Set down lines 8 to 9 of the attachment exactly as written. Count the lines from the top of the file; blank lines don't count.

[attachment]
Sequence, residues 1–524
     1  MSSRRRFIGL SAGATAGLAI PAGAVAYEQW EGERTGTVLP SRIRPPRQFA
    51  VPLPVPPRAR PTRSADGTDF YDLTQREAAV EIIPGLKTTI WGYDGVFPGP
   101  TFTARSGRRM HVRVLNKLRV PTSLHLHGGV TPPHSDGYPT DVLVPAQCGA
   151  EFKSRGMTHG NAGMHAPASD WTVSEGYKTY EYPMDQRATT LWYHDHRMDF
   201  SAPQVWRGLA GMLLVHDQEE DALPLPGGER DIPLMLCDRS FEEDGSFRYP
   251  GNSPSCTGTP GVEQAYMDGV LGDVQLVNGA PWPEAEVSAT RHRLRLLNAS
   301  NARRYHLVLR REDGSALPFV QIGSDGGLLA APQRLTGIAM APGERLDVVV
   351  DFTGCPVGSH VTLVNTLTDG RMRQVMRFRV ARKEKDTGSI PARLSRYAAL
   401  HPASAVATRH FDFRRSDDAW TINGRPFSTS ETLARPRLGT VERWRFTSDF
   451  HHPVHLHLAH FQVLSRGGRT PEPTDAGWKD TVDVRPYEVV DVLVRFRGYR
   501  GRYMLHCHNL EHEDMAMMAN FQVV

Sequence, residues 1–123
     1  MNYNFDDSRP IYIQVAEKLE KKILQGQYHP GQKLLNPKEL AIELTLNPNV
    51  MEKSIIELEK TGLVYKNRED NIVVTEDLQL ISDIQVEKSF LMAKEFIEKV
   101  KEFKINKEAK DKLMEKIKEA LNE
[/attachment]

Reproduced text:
   301  NARRYHLVLR REDGSALPFV QIGSDGGLLA APQRLTGIAM APGERLDVVV
   351  DFTGCPVGSH VTLVNTLTDG RMRQVMRFRV ARKEKDTGSI PARLSRYAAL